1.31.2014 – The VT Farm Show, Water Quality, and Net Metering
It was a very busy week in Montpelier with a couple of work-related extra-curricular activities thrown in. The House Agriculture and Forest Products Committee (HAFPC) attended several events at the annual Vermont Farm Show held at the Champlain Valley Exposition Center in Essex Junction.
On Wednesday evening, we fielded a team at the Capital Cook-off. This is an Iron Chef-like competition amongst the HAFPC, the Senate Agriculture Committee, and The Agency of Agriculture, Food, and Markets. It takes place in the same space as Vendor night where local producers of fresh vegetables, meat, fiber, and other value-added products sell their wares. It was fantastic to see my friend from Newfane, Nancy Stefanik, there with her Vermont Quince products (www.vermontquince.com). Rachel and Andy Ware of AlpineGlo Farm in North Westminster (www.vthorseshoer.com) were there with their goat’s milk products, including delicious Cajeta, a goat’s milk caramel sauce. They also sell goat’s milk, chicken, and pork; Andy is an experienced farrier.
The goal of the Cook-off is to focus attention on our wonderful local products and to promote their use. We are all provided with a bag of local veggies and meat and have access to a table of other ingredients. We then have one hour to produce a plate of food that is judged by a panel of chefs and food critics. I am happy to report that despite the fact that our hot plates kept blowing the circuits and we didn’t have cooking surfaces for the first 25 minutes, the HAFPC team won again.
To the greatest extent, this was due to one team member, Windham County’s own, Rep Tristan Toleno of Brattleboro, who truly does have a magic touch with food. Tristan, in his “real” life, among other things, is a chef and owner of Entera Catering and Rigani Catered Wood-Fired Pizza. A great time was had by all and our team got to take home the coveted Capital Cook-off Plate, which is displayed on a shelf in our committee room.
On Thursday, our entire committee went to the Farm Show where we attended the Dairy Meeting, which provided a briefing on the current state of dairy in Vermont. You may remember that in the recent past, milk prices have fallen to below the cost of actually producing milk. It was generally acknowledged that this was unsustainable and that some sort of plan was necessary if dairy farming was going to survive in Vermont. The good news is that milk prices are up for the time being. The demand for milk products overseas and the Greek yogurt craze locally has made for a much more favorable climate for dairy farmers.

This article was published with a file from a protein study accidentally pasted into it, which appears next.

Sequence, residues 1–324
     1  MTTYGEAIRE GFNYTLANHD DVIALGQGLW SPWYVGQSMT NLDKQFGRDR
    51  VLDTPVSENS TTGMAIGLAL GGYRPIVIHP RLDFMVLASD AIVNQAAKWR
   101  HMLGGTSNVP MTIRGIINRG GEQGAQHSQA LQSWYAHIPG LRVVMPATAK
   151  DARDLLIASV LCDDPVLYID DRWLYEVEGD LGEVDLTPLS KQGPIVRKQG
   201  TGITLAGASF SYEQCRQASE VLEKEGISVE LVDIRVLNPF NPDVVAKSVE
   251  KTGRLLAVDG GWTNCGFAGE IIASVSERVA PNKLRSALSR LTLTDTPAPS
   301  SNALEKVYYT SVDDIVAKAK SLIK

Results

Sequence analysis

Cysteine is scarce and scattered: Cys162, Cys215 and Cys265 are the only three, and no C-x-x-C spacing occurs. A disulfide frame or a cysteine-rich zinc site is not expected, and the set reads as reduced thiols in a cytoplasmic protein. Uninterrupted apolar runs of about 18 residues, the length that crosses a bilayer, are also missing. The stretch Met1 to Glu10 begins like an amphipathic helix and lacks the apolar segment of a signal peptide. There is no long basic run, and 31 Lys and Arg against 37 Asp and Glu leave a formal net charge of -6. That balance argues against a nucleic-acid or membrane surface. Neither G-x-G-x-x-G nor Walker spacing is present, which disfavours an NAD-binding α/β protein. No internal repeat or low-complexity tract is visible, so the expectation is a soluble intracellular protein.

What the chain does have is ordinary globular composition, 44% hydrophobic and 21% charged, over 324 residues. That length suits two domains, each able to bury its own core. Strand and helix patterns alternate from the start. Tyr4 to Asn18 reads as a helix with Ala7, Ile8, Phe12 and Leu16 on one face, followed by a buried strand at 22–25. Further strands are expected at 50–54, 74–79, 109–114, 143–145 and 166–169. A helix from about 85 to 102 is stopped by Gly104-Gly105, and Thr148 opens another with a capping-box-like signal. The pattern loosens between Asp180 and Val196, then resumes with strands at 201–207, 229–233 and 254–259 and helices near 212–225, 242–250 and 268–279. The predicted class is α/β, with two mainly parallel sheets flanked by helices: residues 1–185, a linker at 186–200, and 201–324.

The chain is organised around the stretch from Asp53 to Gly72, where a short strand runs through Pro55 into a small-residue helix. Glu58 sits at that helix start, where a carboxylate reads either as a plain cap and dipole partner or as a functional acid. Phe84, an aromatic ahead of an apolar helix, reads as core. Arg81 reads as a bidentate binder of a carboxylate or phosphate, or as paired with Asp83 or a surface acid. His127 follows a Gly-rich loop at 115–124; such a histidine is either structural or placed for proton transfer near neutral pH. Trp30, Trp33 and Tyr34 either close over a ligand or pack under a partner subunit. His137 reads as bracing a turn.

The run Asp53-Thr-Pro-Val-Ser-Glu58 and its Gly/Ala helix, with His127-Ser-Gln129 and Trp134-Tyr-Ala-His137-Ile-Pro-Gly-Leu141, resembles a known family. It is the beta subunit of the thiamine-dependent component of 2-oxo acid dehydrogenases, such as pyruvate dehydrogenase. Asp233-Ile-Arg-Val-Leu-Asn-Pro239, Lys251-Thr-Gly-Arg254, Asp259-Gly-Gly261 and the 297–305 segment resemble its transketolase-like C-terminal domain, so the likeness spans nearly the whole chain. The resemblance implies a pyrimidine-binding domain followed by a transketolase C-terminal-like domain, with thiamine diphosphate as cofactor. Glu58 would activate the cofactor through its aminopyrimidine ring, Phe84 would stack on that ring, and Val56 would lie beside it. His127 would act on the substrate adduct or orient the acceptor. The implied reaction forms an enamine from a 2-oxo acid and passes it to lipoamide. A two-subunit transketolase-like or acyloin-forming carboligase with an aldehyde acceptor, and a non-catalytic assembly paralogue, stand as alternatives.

Congressman Peter Welch was at the Dairy Meeting to report that the US House has finally passed a Farm Bill. We were all eager to hear what had been decided regarding dairy and the nutrition programs. The Farm Bill creates a Margin Protection program. It’s not what we wanted but it is better than nothing. The nutrition programs were cut but not as badly as first feared. It was really good to see Grafton friends, Richard and Martha Desrochers, at the lunch, as well as Wilmington dairy farmer, Rob Wheeler.
A major issue our committee has been working on is water quality, in particular the effect it will have on small farms. On Feb. 6, our committee will be holding hearings in Bridport and St. Albans to hear from farmers regarding the proposals made in H.586. We will also hold a hearing in Montpelier in the House Chamber on the evening of Feb. 13. For complete details, please go to www.leg.state.vt.us and click on the press release under “Highlights”.
The House passed a bill that lifts the cap on the amount of excess electricity that customers with residential solar or other renewable energy sources can sell back into the grid. This is known as net metering. In 2002, Vermont’s net metering plan was created but there was concern about the effect this might have on the electricity companies, so we started with a 1% cap. That meant that the companies were limited to the amount of renewable energy they could buy – 1% of their total portfolio.
The plan worked well and over time we have increased the cap to 4% but several of the smaller companies (Hardwick Electric Company, Vermont Electric Co-op, and Washington Electric) have hit the cap and our largest utility, Green Mountain Power is getting close. Because we have an ambitious goal to produce 90% of our power from renewable sources (especially solar) by 2050, we want to encourage investment in renewable energy. Our bill lifts the cap to 15%, a nearly four-fold increase, but one that indicates our commitment to reducing the use of fossil fuels and the resulting greenhouse gas emissions. The amount of renewable power being generated in Vermont has increased from 18 megawatts in 2011 to 38 megawatts currently. My neighbors have a solar array and now zero out their electricity bill if the sun is shining!